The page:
September 13, 2013
Britain’s leading political parties are failing to provide visible and consistent green leadership, threatening two decades of steady environmental policy progress in the UK, warns an influential group of charities today. In The Green Standard 2013, seven leading charities, including WWF, the Green Alliance, Greenpeace and Campaign for Better Transport, assess the green performance of coalition ministers and Labour shadow ministers since the last general election, reviewing the parties on four key areas: the economy, communities, nature and international leadership. The report concludes that none of the parties has a coherent environmental programme and there is no consistent public leadership on the environment from any of the party leaders.
According to the report after a promising first few months, the coalition government and the UK’s senior politicians have been largely silent about the UK’s environmental goals. The prime minister’s promise that he would lead “the greenest government ever” has been devalued by the chancellor’s framing of high environmental standards as a threat to economic success.
This finding echoes that of Climate Check, An analysis of the government’s delivery of its low carbon commitments published by Green Alliance, Greenpeace, RSPB and Christian Aid two years ago which alleged the Government had made either moderate or no progress on 22 of its 29 low-carbon commitments. Today’s report says that David Cameron has failed to address the growing scepticism about climate change in the Conservative Party and that, as prime minister, he needs to signal stronger support for UK green policies. However, a number of Conservative ministers are praised for their performance in international negotiations.
The Green Standard 2013 is equally critical of the other two main political parties, stating that the Liberal Democrats have made an impact on low carbon decisions but have failed to make the environment central to their governing project; they are subsequently losing their identity as a “green party”.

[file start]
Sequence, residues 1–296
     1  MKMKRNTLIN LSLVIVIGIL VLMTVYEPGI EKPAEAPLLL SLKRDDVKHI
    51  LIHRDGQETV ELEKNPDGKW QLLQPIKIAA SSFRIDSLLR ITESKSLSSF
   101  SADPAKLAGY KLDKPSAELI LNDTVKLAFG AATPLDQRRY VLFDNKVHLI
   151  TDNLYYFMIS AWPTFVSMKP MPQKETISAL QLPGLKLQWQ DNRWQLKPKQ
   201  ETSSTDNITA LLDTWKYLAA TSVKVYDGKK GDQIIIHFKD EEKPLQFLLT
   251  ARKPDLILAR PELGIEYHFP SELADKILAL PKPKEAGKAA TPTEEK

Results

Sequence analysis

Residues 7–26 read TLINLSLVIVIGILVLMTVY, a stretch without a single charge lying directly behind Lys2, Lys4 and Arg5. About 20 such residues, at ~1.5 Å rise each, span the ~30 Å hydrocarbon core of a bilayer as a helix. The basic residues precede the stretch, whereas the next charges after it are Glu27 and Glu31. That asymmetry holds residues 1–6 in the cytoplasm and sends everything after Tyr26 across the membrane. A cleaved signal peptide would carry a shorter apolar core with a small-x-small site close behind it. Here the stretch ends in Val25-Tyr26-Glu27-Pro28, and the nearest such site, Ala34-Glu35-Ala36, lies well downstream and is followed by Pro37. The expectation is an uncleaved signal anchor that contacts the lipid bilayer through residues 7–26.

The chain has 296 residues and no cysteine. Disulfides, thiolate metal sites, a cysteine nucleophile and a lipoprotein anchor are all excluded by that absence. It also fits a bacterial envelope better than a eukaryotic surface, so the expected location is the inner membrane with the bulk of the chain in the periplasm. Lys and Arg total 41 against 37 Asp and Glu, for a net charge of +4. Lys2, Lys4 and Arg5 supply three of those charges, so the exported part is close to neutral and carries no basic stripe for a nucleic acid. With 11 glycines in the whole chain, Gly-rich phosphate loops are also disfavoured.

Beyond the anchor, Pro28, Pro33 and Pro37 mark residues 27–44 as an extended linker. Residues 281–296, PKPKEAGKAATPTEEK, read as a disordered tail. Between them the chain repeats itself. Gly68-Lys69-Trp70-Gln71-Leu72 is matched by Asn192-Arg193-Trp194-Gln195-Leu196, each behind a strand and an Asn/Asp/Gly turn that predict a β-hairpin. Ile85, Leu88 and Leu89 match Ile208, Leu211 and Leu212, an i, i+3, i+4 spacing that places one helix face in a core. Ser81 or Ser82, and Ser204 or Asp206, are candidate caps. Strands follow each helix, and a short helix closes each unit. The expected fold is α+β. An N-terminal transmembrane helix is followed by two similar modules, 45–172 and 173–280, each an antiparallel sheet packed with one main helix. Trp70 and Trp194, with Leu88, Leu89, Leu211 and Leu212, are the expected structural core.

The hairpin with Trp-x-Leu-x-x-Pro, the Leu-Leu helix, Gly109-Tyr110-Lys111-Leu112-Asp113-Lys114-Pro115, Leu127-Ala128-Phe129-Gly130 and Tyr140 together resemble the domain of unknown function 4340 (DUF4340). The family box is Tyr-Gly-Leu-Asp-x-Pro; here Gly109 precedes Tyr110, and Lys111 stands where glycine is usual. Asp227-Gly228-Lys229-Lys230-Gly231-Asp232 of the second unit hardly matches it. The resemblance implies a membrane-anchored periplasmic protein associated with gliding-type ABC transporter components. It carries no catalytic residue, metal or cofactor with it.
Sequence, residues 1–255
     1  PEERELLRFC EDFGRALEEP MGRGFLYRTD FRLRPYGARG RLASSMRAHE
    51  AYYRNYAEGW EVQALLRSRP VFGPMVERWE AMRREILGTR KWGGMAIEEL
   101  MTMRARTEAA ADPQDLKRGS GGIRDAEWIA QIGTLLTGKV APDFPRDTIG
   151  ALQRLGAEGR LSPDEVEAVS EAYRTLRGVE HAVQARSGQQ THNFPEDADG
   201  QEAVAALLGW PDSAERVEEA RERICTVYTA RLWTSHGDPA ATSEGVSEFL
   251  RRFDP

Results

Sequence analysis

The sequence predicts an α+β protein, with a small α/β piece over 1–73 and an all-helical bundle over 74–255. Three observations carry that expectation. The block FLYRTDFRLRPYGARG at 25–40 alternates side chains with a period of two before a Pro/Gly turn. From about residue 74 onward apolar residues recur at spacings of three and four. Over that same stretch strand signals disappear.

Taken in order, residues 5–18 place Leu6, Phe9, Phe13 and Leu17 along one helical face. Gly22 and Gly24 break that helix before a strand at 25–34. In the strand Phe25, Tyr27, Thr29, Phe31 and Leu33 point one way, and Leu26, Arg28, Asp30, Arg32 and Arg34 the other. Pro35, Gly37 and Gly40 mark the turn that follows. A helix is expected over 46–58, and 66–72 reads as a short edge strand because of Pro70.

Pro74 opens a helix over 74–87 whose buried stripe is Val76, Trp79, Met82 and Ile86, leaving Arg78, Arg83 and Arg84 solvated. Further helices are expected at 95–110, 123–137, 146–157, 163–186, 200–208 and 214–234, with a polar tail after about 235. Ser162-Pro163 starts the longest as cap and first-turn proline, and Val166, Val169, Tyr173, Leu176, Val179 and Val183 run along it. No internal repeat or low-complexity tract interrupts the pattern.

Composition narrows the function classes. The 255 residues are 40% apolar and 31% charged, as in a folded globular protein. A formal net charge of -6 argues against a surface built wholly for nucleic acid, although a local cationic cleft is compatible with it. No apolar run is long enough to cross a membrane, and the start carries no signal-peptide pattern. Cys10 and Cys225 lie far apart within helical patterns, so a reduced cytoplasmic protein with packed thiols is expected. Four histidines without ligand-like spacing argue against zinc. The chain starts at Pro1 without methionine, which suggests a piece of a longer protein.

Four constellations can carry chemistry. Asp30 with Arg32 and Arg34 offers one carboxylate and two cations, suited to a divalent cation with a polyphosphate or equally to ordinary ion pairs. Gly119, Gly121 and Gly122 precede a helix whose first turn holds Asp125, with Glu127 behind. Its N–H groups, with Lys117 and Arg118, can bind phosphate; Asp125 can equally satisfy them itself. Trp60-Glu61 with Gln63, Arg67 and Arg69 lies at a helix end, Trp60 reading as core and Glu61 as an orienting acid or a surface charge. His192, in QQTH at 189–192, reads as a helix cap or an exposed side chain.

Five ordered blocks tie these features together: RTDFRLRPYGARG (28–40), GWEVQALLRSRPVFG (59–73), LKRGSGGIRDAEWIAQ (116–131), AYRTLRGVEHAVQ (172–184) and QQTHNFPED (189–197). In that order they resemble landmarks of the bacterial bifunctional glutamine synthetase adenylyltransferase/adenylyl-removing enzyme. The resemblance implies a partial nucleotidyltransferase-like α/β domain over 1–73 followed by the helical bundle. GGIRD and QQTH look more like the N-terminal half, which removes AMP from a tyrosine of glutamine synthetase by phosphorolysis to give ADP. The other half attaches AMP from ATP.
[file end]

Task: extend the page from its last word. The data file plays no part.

And while Labour in opposition receives recognition for supporting the development of a low carbon economy, the review concludes that there is still “no real sense that the environment is at the heart of One Nation Labour.”
Matthew Spencer, director of the think tank Green Alliance, which edited the review said: “In private our party leaders speak eloquently about the importance of environmental stewardship to their political mission, but they have rarely made the case publicly since the election. As a result the coalition has lost momentum as a reforming government seeking to be green. The opposition is raising its game, but has been slow to develop the policy ideas necessary to realise its ambition.”
The review identifies the most significant ministerial interventions of the past three years:
• Conservatives: George Osborne has framed environmental policy as an obstacle to growth, not as a route to prosperity. William Hague, Richard Benyon and Greg Barker are praised for their leadership in international negotiations.
• Labour: Ed Miliband and Ed Balls have shown promising leadership on the low carbon economy. But Labour has not developed a programme for delivering its green ambitions.
• Liberal Democrats have won some significant battles on climate change. But Ed Davey’s performance on the detail of electricity market reform has been patchy.
Click The Green Standard to download the full report.